(Updates share price in fifth paragraph.)
May 1 (Bloomberg) -- Novo Nordisk A/S, the world’s biggest maker of insulin, lowered its 2014 sales forecast, citing increased competition and the loss of a U.S. distributor.
Sales are now expected to rise 7 percent to 10 percent in local currencies, Bagsvaerd, Denmark-based Novo said in a statement today. That compares with an earlier forecast for full-year revenue to increase 8 percent to 11 percent. Novo reiterated its 2014 profit forecast in local currencies.
Revenue from Victoza, a diabetes medicine that mimics a hormone called GLP-1 and stimulates natural insulin production, climbed to 2.92 billion kroner ($543 million) in the first quarter, missing the average analyst estimate of 3.14 billion kroner. Novo needs Victoza, its biggest growth engine, to sustain sales following the U.S. rejection of a new insulin called Tresiba last year.
It was a “tough start to the year,” Peter Verdult and other Citigroup Inc. analysts in London wrote in a note to clients. Results missed estimates because of “the combined impact of stronger currency headwinds, a more challenging rebate environment in the U.S. and increasing competition in many diabetes markets.”
The shares fell 1.9 percent to 238 kroner at the close of Copenhagen trading.
The Food and Drug Administration demanded a new study to assess the heart risk of Tresiba. Recruitment of patients for the study, dubbed DEVOTE, is “ahead of plans,” meaning a shortened timeline for interim analysis of the data and the potential introduction of Tresiba in the U.S., Chief Financial Officer Jesper Brandgaard said today.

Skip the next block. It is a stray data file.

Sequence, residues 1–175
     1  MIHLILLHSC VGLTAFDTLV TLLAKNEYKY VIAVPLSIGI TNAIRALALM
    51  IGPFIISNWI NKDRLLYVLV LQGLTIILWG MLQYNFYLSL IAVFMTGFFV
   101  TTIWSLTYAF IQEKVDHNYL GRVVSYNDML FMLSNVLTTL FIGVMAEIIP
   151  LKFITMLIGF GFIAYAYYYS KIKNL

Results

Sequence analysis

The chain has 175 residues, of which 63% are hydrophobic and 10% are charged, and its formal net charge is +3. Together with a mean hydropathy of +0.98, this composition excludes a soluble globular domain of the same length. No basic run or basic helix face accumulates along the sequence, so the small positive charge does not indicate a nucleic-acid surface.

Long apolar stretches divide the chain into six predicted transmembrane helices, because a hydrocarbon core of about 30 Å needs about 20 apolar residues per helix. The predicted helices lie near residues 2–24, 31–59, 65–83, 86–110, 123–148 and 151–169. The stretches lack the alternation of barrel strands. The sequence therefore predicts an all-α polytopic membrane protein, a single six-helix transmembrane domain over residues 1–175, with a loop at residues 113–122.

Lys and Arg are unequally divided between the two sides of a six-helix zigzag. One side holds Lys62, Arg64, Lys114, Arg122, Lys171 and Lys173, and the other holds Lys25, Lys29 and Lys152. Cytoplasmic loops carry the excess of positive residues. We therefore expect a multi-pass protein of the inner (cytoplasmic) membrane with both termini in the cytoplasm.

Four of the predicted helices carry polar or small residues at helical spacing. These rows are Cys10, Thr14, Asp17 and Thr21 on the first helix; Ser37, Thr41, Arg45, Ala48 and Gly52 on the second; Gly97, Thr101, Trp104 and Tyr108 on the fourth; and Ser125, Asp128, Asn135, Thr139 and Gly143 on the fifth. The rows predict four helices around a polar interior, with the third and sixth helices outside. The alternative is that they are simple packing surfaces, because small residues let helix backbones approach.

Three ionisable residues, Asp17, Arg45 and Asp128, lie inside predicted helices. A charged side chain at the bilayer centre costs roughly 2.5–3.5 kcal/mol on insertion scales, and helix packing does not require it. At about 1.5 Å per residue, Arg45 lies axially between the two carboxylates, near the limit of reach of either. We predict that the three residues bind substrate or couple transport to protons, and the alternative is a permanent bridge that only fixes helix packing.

“We will be able to hand those data mid-2015 in principle, bringing it forward by about nine months or so,” he told reporters on a conference call today, referring to the interim analysis of the DEVOTE trial data.
The Danish drugmaker also said it now sees “a more modest growth of the GLP-1 segment” while sales will also suffer from generic competition in the U.S.
Novo Nordisk’s first-quarter results were set to mark the weakest quarter “in a long time,” Jesper Langmack, investment chief at Copenhagen-based PFA, said yesterday. His fund owned Novo stock of about 4 billion kroner as of the end of 2013. A single “soft set of results won’t change much for a long-term investor like us, but it may prompt some short-term investors to sell,” he said.
Net income rose to 6.46 billion kroner, from 5.98 billion kroner a year earlier, Novo said. Analysts predicted 6.34 billion kroner, the average of 17 estimates compiled by Bloomberg. The company said today it still expects full-year operating profit growth of about 10 percent in local currencies.
Novo lost a contract last year to provide insulin and Victoza to Express Scripts Holding Co., the largest U.S. processor of prescription drug claims, after redirecting its sales force to boost promotion of Victoza in that market.